Prepare your home for a potential winter power outage
Temperatures have been unseasonably mild so far this autumn. Many homeowners have been happy to keep their furnaces off, or to set the thermostat lower for now.
But a recent wet and windy storm that brought down trees and branches across the region may have been a wake-up call for residents. Power outages persisted for days in several towns as crews worked to remove debris and repair lines. If a similar situation occurred during colder weather, would you be prepared to ride it out?
The main concern when losing electricity after a winter storm is a subsequent loss of heat. Custom Air & Plumbing, an HVAC company in Sarasota, Fla., says heating systems typically include electrical components such as circuit boards that allow the thermostat to trigger the furnace, relays to control furnace components, and motors to blow warm air through ductwork.
It is not safe or effective to try to run a gas furnace when the electricity is out. Premier Indoor Comfort Systems, an HVAC company servicing the Atlanta area, says you shouldn't try to light the burners manually. A power outage will also automatically close a valve that regulates gas flow into the furnace to prevent it from continuing.
If a furnace is not functional for a prolonged period of time, the temperature in the home can drop considerably. Closing the doors to unused rooms can help you preserve the available heat in your home. The Massachusetts Emergency Management Agency says some homeowners will also be able to rely on a backup heating source, such as a wood-burning fireplace or stove.
Not every potential heating source will be safe to use. The Federal Emergency Management Agency says you should never try to warm up a home using a gas-burning stove or oven. Not only will this be inefficient, but it also increases the possibility of carbon monoxide poisoning, burns, or an accidental fire. You also shouldn't bring items designed for outdoor use, such as patio heaters or camp stoves, inside your home.
Open your curtains during sunny days to allow for passive solar heating. However, drawn curtains can help minimize heat loss through north-facing windows and during the night. Chaffin Mitchell, writing for Accuweather, says dark colored blankets work well to insulate windows and can also absorb heat from the sun.
Being proactive ahead of the coldest days of winter can help reduce heat loss, and also give the added benefit of saving you money on your heating bills. The American Red Cross says these steps can include caulking windowsills, installing storm windows and doors, covering windows with plastic, and improving insulation. Towels or clothing can be used to block drafts under doors or windows as a temporary measure.
A generator can allow you to bring your furnace back online until electricity is restored. FEMA says generators should always be located outside, at least 20 feet from any doors, windows, vents, or other entrances into the home.
When the electricity first goes out, you might want to turn off your furnace and unplug any sensitive electronics. Custom Air & Plumbing says power fluctuations in the grid can damage these components when electricity is restored.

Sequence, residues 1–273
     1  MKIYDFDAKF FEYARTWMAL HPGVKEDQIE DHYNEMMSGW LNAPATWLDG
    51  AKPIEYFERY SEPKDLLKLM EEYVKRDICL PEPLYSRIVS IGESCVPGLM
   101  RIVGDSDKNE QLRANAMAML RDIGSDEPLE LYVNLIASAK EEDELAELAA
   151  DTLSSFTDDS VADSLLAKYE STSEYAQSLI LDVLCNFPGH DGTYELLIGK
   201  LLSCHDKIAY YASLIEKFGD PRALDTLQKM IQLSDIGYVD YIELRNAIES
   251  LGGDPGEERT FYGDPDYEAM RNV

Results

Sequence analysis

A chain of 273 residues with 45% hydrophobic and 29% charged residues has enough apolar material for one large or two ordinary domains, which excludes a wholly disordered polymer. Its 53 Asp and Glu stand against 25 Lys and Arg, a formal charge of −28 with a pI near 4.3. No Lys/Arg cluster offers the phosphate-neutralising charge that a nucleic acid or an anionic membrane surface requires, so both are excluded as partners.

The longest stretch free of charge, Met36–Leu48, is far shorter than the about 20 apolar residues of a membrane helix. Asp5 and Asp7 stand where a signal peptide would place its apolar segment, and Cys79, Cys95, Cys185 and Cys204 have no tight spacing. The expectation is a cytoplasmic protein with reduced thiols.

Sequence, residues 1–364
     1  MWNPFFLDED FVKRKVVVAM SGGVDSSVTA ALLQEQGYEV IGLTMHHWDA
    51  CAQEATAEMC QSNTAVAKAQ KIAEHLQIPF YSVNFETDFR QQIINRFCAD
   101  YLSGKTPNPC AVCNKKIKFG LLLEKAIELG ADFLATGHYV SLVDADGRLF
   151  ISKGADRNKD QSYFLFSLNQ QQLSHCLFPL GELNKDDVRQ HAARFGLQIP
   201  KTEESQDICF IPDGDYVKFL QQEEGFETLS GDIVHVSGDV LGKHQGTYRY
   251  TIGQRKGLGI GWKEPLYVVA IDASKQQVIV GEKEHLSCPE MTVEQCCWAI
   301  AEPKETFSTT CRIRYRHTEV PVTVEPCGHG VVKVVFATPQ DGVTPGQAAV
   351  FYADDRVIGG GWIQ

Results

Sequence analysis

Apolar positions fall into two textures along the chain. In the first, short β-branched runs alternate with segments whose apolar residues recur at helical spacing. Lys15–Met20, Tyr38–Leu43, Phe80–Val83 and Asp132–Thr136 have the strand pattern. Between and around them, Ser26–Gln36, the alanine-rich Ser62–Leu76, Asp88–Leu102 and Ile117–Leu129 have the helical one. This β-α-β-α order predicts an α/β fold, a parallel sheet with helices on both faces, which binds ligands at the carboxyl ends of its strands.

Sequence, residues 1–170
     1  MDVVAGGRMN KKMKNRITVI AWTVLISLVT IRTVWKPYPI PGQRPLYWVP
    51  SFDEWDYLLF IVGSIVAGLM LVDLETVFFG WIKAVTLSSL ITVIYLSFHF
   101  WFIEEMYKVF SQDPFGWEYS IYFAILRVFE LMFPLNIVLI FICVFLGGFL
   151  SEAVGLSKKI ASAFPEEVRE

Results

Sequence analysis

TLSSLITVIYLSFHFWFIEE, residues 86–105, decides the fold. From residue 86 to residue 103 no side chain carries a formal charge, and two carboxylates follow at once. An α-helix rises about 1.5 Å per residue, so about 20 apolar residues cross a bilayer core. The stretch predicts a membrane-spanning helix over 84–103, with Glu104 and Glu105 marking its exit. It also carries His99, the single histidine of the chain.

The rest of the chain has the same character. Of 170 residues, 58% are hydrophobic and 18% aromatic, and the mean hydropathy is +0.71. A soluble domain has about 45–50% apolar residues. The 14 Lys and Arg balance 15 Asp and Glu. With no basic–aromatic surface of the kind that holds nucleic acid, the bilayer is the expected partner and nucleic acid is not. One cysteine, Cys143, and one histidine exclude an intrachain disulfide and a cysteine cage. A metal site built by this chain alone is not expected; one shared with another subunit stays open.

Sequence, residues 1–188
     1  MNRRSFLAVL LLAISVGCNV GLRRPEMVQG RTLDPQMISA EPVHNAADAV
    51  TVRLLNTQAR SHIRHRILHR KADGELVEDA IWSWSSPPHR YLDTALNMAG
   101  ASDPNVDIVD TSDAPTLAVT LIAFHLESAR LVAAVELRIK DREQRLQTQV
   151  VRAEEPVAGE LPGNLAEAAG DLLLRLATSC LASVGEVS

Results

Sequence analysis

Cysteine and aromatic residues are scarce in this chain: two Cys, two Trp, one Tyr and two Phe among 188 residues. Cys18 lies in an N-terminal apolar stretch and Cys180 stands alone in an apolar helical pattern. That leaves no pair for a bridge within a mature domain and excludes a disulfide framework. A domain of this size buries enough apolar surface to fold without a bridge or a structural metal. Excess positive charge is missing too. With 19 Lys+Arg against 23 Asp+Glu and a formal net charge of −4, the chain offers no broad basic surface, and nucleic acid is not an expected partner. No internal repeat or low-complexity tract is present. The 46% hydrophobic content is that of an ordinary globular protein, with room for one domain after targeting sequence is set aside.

If your home gets especially chilly due to a prolonged power outage, you should see if there is an emergency shelter available. FEMA says you can find where the nearest shelter is located by texting SHELTER and your ZIP code to 4FEMA.
Dropping temperatures create the risk that your water pipes will freeze. This will cut off your access to water and might also cause pipes to burst, causing significant water damage in your home.
Insulate your pipes to help them retain heat. The Massachusetts Emergency Management Agency says one emergency measure is to wrap the pipes with newspaper and cover them with plastic to keep out moisture. If the pipes freeze despite this effort, you can remove the insulation and try to carefully thaw the pipes using warm water or a handheld dryer.
Open your faucets slightly to allow them to drip, since this will help keep the water moving and reduce the chances of freezing. You should also know where your main water shutoff valve is in case flooding occurs and you need to prevent the water from flowing.
If a serious winter storm is in the forecast, it can be helpful to put aside some extra water. Filling up the bathtub gives you a supply of water for washing, and toilets can be flushed by dumping a bucket of water into the bowl. FEMA recommends having a three-day supply of fresh drinking water available, or one gallon of water per person per day.
Set up a home emergency kit with other supplies as well. These should include a three-day supply of nonperishable food for you and your pets, any necessary medication, a flashlight, and hand-cranked or battery-powered radio. You should also dress in layers and have extra blankets, hats, mittens, and sleeping bags available for everyone in the home.
Make sure the batteries in your smoke and carbon monoxide detectors are working. These devices are often hardwired into a home's electrical system, so it is critical that the batteries keep them functional.
Snow can be helpful during winter power outages. The Massachusetts Emergency Management Agency says snowbanks can be used to preserve frozen food, and snow can be melted for a water source. Mitchell says snow can be packed into a plastic bag and placed in the refrigerator to help keep perishable food cold. A blanket of snow can also add extra insulation to your home.
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